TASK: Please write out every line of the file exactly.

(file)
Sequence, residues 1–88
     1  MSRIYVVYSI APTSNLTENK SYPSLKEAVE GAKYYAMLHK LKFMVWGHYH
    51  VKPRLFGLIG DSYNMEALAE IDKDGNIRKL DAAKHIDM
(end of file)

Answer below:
Sequence, residues 1–88
     1  MSRIYVVYSI APTSNLTENK SYPSLKEAVE GAKYYAMLHK LKFMVWGHYH
    51  VKPRLFGLIG DSYNMEALAE IDKDGNIRKL DAAKHIDM